In order to include protest scenes, “The Neighborhood” featured a small group heading to and back from one; “This Is Us” had its characters reference attending them and utilized real news footage for characters to watch on screens within the screen; “SWAT” had Hondo witness a small group pass him by in a march and used a mix of archival footage and recreated dramatization for the flashbacks.
“That was one of the first rise it really after media coverage, then maybe we could supplement some of the wide shots and sell that so that we can go in close and use fewer people actually on location, we can still pull off like the feeling that you were actually there,” Thomas says of the 1992 uprising.
It also helped cover moments production couldn’t, due to the pandemic. “Without COVID, we probably would have gotten a lot of establishing shots ourselves: drone shots of hundreds of people on the street that would have shown the live scope of it a little bit more,” Thomas admits.
Similarly, Reynolds says that even his shot-on-a-soundstage sitcom “would have gone to the protest or seen more people, just to help sell those moments,” if they weren’t producing the episode in a pandemic. They, too, “limited the number of extras and the size and scale we could show,” and they, too, feel it worked out in way that better suited the show’s mission. “Intimacy was really valuable as we addressed these issues. Having an episode where there was more conversation was important to illustrate our message.”
For “SWAT,” it was also important “to not make this a very special episode,” says Thomas. Therefore, throughout the season, “SWAT” will continue to look at the legacy of the LAPD, he continues, and have characters such as Deacon (Jay Harrington) experience a “crisis” of their own moral codes and ethics: “Are you doing a disservice if you’re not being actively anti-racist?” he says.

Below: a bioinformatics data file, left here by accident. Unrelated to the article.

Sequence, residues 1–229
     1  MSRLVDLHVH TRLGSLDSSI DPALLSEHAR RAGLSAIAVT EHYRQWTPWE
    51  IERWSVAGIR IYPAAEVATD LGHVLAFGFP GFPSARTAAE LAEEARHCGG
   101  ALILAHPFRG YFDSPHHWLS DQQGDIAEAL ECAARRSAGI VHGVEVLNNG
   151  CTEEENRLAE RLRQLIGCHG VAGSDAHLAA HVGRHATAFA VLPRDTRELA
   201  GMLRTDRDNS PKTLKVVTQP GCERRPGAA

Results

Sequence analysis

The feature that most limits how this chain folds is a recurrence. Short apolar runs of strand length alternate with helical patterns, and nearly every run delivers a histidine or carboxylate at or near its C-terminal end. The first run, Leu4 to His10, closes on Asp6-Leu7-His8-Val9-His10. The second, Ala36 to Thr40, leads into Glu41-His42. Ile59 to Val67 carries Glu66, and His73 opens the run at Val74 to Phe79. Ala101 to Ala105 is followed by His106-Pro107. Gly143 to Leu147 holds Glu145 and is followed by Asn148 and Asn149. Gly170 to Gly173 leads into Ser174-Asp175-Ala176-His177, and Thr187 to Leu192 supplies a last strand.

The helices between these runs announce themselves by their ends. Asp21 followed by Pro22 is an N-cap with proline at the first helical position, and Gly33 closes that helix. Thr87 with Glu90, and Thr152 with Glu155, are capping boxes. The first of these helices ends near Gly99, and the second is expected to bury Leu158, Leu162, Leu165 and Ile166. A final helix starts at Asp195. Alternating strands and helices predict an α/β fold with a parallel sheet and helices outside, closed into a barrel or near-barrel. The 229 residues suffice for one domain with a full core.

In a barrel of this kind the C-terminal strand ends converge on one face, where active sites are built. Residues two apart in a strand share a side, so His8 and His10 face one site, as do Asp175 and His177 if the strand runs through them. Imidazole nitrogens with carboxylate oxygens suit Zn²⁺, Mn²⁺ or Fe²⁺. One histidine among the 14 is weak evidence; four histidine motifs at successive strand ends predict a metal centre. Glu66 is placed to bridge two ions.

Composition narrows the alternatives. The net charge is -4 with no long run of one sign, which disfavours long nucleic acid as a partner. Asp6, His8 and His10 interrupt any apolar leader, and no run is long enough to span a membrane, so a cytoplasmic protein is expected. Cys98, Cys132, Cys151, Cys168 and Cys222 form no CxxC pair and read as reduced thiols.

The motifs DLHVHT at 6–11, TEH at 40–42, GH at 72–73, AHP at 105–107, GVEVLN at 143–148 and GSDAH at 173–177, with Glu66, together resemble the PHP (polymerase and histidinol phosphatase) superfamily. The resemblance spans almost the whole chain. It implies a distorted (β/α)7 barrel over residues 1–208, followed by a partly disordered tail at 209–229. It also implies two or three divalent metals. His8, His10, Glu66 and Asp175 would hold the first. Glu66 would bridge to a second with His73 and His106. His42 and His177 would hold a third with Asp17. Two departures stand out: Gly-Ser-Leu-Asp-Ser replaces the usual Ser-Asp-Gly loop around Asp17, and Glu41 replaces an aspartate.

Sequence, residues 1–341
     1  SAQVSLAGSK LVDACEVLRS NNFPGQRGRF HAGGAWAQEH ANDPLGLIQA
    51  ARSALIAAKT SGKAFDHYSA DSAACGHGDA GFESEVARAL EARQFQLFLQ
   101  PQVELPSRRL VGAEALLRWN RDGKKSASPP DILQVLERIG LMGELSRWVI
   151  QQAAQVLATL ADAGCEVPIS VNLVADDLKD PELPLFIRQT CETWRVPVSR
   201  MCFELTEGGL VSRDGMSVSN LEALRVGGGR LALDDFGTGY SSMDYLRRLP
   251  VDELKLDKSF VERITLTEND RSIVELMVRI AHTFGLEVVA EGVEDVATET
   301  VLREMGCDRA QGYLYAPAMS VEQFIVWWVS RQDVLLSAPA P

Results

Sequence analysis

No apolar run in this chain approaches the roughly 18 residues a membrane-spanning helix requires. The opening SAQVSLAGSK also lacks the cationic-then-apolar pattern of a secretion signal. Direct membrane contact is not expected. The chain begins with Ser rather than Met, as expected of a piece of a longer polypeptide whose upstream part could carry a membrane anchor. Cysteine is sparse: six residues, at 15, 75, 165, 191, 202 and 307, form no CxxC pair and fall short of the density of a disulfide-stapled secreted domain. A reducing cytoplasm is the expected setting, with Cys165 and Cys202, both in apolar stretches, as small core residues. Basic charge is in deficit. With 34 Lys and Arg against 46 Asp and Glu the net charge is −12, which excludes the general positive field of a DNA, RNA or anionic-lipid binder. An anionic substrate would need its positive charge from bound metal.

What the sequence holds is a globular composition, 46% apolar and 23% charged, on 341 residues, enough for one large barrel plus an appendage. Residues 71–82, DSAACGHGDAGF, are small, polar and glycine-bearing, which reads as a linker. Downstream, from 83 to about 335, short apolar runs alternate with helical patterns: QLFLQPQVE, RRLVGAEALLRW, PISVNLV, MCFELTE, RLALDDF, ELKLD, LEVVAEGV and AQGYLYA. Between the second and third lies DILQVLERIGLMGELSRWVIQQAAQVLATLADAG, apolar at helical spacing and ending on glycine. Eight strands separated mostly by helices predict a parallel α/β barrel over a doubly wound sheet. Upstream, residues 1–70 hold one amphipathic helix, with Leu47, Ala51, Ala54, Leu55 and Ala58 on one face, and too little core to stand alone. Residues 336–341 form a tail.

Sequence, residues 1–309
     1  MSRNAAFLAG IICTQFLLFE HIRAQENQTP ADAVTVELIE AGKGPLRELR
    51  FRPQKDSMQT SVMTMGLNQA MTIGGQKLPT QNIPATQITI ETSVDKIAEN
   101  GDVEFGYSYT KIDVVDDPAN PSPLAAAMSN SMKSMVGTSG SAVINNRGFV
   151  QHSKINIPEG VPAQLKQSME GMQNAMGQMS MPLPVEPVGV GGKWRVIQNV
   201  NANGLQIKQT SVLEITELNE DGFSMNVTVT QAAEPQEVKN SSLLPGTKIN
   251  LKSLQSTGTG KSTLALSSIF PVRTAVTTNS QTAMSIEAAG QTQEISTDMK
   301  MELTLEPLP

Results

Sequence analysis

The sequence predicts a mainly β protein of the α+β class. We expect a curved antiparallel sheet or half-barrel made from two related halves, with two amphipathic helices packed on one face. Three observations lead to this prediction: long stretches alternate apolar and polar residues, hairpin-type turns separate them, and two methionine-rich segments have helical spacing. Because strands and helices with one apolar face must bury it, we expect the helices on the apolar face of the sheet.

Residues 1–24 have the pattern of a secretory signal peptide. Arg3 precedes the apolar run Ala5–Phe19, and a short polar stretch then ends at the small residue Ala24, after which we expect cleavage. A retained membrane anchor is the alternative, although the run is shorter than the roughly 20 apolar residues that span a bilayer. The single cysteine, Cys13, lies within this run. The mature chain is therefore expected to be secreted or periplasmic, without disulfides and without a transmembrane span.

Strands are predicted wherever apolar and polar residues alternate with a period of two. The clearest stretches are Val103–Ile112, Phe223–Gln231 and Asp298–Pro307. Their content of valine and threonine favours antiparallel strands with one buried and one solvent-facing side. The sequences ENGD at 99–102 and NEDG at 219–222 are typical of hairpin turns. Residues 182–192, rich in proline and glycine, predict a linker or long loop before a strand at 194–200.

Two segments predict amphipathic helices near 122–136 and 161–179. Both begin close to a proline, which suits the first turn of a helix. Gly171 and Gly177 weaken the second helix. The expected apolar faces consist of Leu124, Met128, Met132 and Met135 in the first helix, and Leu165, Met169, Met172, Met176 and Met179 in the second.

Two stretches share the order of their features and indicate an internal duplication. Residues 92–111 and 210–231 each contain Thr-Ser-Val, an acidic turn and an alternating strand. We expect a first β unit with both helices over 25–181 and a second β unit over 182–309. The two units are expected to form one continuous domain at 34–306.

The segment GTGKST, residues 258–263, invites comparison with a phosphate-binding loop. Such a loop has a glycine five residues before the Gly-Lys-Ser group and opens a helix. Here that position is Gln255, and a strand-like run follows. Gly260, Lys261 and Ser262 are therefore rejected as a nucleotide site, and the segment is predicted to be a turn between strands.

Similarly, “Chicago PD” will continue to showcase a range of moral compasses (and downright corruption) within its characters. Its eighth season picked up with fallout from Kevin Atwater (LaRoyce Hawkins) standing by his principles (and the truth) that the gangbangers who killed Doyle (Mickey O’Sullivan) were doing so in self-defense after he racially profiled a Black man and began chasing him. By Kevin refusing to bend to the blue brotherhood that has so often involved covering for each other’s bad behavior and criminal actions, he becomes a target of the very same force.
Shows such as “Chicago PD” and “SWAT” may come with an inherent expectation of responding to this moment in time since they are set in the world of law enforcement, but shining a light on social justice is something “The Neighborhood” team felt like they “had to do” as well, according to Reynolds.
“While we knew this would be a different episode tonally,” he says, in “the CBS audience, I think there are a lot of people out there that don’t necessarily have the frame of reference or Black people in their lives in a regular basis, and this was a way to use our characters to help people understand and see the very real experience of what it is to be Black in this country.”
Since its inception, “The Neighborhood” set out to focus its storytelling on “race relations,” Reynolds continues, with a white family moving into a predominantly Black neighborhood and the members of the two households becoming (sometimes reluctant) friends.
“If you win hearts you can change minds, and so, having these conversations a few years in when people have invested in our characters, this was a chance to talk about these issues in a way that will hopefully help the white people in our audience gain further insights while also validating the experiences of our Black audience,” says Reynolds.
More from Variety
Best of Variety